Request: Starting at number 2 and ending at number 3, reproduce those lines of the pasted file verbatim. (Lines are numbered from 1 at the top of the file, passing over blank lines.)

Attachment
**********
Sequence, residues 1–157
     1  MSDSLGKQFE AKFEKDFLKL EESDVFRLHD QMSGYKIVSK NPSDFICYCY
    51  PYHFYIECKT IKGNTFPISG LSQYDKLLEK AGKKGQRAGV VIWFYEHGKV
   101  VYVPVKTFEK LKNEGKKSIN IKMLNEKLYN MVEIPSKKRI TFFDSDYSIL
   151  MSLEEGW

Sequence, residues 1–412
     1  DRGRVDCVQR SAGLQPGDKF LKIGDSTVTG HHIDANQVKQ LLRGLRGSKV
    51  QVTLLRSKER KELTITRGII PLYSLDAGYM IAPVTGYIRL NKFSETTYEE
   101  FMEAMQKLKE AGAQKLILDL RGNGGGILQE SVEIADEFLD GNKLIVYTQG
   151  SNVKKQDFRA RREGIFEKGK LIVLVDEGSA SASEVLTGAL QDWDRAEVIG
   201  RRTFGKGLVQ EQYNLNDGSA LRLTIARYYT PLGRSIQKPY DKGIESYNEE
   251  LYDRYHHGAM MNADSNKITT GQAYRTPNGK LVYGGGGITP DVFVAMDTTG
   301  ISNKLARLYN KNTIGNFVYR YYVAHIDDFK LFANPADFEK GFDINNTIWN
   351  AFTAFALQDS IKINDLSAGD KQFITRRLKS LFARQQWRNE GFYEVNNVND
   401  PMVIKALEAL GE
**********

     1  MSDSLGKQFE AKFEKDFLKL EESDVFRLHD QMSGYKIVSK NPSDFICYCY
    51  PYHFYIECKT IKGNTFPISG LSQYDKLLEK AGKKGQRAGV VIWFYEHGKV